Words followed deeds. The Danish authorities have now checked the status of 800 Syrian refugees and 106 protection has already been withdrawn in the last instance. Denmark cannot carry out the deportations because the country has no diplomatic relations with the regime of dictator Bashar al-Assad. But the government has already found a solution for this. It locks those who have been rejected in deportation camps for an indefinite period of time. She is also currently negotiating with Kosovo to place deportation detainees in prisons.
The deeds are having an effect. Because of the restrictive migration policy, Syrians are already leaving the country. At least 400 have moved from Denmark to other EU countries in recent years, mostly to Germany. This is the result of research by international media, including “Spiegel”, “Trouw”, “Le Vif”, “Knack”, “Sydsvenskan”, “Rozana” and “EU Observer”, coordinated by the media platform Lighthouse Reports. According to experts, there should be well over 400 refugees in total, as many are not recorded by the statistics.
German authorities no longer classify Denmark as a safe country for Syrians. According to the Dublin Regulation, asylum seekers can only apply for asylum in the EU country they entered – officially – first. However, the Berlin administrative court has already stopped the repatriation of those seeking protection to Denmark. Of the 265 Syrians who, according to the Federal Office for Migration and Refugees, have been returned to Denmark since 2019, only 45 have actually been re-housed there.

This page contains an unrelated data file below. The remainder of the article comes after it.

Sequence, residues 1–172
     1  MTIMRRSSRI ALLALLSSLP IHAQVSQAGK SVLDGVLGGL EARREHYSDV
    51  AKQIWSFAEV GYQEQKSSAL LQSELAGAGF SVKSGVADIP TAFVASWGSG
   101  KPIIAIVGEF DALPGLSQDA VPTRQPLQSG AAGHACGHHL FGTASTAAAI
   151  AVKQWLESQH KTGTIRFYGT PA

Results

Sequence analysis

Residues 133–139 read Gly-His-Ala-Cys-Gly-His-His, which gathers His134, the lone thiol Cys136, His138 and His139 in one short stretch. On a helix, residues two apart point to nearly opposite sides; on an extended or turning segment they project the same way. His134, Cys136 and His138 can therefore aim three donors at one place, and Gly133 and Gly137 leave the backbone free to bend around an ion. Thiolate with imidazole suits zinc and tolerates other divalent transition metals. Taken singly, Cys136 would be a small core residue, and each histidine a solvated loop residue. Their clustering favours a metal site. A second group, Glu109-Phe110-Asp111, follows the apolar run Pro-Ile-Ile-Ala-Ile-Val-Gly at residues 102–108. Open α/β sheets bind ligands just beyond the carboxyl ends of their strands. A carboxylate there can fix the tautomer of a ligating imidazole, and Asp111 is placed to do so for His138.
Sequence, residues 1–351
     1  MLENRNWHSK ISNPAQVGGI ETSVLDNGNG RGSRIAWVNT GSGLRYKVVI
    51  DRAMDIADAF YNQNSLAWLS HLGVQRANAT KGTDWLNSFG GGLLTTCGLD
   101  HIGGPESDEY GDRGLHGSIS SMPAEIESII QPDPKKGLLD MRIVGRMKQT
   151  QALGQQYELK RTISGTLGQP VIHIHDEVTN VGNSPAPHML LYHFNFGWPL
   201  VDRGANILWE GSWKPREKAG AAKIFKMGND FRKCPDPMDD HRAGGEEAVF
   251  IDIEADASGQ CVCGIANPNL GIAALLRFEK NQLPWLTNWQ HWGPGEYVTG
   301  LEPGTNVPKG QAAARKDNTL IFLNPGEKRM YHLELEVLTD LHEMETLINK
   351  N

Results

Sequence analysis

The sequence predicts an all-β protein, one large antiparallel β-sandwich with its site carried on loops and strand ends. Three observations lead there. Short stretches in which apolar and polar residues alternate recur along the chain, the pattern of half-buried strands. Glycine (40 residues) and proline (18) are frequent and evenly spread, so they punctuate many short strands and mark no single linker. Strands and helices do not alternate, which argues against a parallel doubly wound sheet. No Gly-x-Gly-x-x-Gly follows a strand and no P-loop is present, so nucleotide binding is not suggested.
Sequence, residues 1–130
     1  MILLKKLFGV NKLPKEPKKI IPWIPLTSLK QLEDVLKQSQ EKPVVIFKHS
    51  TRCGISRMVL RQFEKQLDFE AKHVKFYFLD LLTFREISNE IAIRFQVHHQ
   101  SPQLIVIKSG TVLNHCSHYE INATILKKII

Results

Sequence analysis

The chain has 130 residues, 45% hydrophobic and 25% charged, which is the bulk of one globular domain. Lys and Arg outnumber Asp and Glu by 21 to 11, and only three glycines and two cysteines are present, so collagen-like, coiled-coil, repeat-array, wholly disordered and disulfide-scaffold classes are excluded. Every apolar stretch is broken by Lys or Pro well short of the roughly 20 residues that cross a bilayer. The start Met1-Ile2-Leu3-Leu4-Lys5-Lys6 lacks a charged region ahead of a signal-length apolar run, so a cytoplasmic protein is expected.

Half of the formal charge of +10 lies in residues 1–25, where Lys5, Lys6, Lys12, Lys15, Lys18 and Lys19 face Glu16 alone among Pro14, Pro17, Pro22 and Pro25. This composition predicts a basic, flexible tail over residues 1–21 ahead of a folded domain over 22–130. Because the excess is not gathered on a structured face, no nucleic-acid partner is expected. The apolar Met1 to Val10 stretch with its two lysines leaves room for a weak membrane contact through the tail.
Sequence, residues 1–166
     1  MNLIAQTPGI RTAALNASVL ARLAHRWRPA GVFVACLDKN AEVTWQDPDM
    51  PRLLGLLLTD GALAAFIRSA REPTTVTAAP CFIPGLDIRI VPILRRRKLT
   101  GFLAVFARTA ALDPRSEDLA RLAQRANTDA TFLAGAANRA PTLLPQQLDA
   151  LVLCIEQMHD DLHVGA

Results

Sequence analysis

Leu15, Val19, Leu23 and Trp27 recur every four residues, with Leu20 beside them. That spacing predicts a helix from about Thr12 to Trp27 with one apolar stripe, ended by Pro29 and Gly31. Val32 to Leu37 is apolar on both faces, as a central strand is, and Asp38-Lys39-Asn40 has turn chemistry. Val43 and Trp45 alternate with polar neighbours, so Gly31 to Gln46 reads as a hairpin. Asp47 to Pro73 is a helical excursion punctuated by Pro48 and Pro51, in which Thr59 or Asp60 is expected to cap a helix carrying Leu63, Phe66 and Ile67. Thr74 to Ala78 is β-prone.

Denmark’s social democratic government obviously wants to deter migrants from Syria, and it is getting better and better at that. Many do not like that. Europe has launched an undercutting competition in which Denmark has taken a pioneering role, says David Kipp from the Berlin Foundation for Science and Politics. The fact that Denmark also passed a ghetto plan in 2018 that is supposed to reduce the proportion of “non-Western” citizens in city districts to 30 percent is unlikely to have helped the government’s reputation among all human rights organizations and NGOs.
But obviously the voters who have supported this course for years have thanked the government. Denmark’s left “Social Democrats” is one of the few successful social democratic parties in Western Europe.